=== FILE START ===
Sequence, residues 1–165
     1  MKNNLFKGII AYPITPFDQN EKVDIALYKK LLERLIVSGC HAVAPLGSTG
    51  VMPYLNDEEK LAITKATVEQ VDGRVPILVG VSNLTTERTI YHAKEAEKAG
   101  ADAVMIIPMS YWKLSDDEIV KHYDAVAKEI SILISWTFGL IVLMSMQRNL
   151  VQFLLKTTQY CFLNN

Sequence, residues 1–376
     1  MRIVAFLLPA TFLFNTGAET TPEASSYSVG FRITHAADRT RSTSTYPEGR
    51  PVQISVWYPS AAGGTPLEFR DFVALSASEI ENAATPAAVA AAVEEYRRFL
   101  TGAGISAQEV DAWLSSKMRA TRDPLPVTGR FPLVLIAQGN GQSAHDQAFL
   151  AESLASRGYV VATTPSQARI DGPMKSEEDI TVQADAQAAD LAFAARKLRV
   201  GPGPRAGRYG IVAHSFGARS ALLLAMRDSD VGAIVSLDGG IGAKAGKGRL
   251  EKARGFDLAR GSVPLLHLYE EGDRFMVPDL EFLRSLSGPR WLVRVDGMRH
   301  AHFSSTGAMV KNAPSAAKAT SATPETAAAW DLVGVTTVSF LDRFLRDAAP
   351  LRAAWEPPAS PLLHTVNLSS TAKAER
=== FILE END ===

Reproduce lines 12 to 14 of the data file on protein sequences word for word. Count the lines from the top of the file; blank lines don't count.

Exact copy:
   251  EKARGFDLAR GSVPLLHLYE EGDRFMVPDL EFLRSLSGPR WLVRVDGMRH
   301  AHFSSTGAMV KNAPSAAKAT SATPETAAAW DLVGVTTVSF LDRFLRDAAP
   351  LRAAWEPPAS PLLHTVNLSS TAKAER